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Of Three Shakespeare Sonnets

Word count: 343

Song Cycle by John Buller (1927 - 2004)

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1. When I consider every thing that grows [ sung text not yet checked against a primary source]

Language: English

Translation(s): FRE FRE ITA JPN

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When I consider every thing that grows
Holds in perfection but a little moment,
That this huge stage presenteth nought but shows
Whereon the stars in secret influence comment;
When I perceive that men as plants increase,
Cheered and checked even by the self-same sky,
Vaunt in their youthful sap, at height decrease,
And wear their brave state out of memory;
Then the conceit of this inconstant stay
Sets you most rich in youth before my sight,
Where wasteful Time debateth with decay
To change your day of youth to sullied night,
  And all in war with Time for love of you,
  As he takes from you, I engraft you new.


Submitted by Emily Ezust [Administrator]

2. Is it thy will thy image should keep open [ sung text not yet checked against a primary source]

Language: English

Translation(s): FRE

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Is it thy will thy image should keep open
My heavy eyelids to the weary night?
Dost thou desire my slumbers should be broken,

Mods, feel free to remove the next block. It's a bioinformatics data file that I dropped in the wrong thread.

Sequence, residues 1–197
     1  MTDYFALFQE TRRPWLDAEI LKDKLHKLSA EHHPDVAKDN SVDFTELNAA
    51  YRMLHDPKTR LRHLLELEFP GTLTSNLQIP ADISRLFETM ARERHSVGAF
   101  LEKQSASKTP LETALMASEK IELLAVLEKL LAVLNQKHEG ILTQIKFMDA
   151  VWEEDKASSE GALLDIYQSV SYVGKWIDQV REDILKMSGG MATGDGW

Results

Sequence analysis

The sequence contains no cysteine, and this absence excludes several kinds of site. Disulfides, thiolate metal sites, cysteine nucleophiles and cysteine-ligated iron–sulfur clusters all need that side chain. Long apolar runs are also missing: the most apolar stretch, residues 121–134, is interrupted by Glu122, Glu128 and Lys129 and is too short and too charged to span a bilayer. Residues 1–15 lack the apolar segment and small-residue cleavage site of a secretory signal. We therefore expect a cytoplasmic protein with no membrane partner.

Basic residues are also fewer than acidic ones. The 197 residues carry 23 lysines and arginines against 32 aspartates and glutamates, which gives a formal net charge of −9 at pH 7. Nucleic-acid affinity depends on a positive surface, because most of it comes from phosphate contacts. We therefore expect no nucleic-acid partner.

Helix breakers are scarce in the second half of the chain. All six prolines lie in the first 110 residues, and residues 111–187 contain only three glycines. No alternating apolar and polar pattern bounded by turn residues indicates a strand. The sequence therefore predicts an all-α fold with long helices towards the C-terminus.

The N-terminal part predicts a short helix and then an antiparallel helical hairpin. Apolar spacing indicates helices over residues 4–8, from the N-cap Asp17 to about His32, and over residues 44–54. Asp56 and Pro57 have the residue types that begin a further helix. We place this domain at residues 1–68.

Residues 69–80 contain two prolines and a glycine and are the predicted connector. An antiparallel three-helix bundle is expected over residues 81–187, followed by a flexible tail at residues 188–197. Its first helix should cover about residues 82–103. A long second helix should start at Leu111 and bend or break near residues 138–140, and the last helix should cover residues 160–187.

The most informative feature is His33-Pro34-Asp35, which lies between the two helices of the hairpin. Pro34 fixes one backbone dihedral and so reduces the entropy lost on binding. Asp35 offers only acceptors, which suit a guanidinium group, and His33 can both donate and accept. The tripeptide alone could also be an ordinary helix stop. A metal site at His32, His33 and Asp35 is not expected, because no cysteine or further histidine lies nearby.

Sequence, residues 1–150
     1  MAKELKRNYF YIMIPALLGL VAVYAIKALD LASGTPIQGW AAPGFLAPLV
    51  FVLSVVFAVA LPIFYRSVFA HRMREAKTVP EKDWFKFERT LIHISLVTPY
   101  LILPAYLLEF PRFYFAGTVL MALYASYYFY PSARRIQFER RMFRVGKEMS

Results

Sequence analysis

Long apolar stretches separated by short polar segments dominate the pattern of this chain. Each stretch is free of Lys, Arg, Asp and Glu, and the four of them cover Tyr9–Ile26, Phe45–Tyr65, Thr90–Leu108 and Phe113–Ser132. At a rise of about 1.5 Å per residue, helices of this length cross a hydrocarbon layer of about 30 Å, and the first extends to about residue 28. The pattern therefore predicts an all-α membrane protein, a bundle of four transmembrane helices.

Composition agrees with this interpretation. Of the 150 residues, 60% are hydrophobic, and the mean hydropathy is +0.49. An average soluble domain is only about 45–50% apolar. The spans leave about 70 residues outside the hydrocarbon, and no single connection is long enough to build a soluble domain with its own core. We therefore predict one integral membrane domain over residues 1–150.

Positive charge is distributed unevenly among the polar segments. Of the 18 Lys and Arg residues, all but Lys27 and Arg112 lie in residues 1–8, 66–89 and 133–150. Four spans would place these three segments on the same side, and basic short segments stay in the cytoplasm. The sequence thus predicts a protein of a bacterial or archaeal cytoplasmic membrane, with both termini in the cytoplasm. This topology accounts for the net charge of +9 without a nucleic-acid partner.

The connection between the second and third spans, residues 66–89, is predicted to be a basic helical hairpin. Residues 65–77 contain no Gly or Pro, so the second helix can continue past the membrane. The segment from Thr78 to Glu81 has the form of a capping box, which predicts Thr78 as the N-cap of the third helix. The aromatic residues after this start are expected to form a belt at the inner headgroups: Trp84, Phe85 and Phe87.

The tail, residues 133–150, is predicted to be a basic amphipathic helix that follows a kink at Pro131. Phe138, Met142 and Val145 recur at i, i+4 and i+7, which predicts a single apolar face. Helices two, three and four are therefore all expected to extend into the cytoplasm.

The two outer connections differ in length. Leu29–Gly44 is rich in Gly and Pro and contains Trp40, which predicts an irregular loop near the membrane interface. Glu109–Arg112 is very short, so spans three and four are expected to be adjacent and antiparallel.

While shadows like to thee do mock my sight?
Is it thy spirit that thou send'st from thee
So far from home into my deeds to pry,
To find out shames and idle hours in me,
The scope and tenor of thy jealousy?
O, no! thy love, though much, is not so great:
It is my love that keeps mine eye awake;
Mine own true love that doth my rest defeat,
To play the watchman ever for thy sake:
  For thee watch I whilst thou dost wake elsewhere,
  From me far off, with others all too near.


Submitted by Emily Ezust [Administrator]

3. Weary with toil, I haste me to my bed [ sung text not yet checked against a primary source]

Language: English

Translation(s): FRE ITA RUS

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Weary with toil, I haste me to my bed,
The dear repose for limbs with travel tired;
But then begins a journey in my head,
To work my mind, when body's work's expired:
For then my thoughts, from far where I abide,
Intend a zealous pilgrimage to thee,
And keep my drooping eyelids open wide,
Looking on darkness which the blind do see
Save that my soul's imaginary sight
Presents thy shadow to my sightless view,
Which, like a jewel hung in ghastly night,
Makes black night beauteous and her old face new.
  Lo! thus, by day my limbs, by night my mind,
  For thee and for myself no quiet find.


Submitted by Emily Ezust [Administrator]

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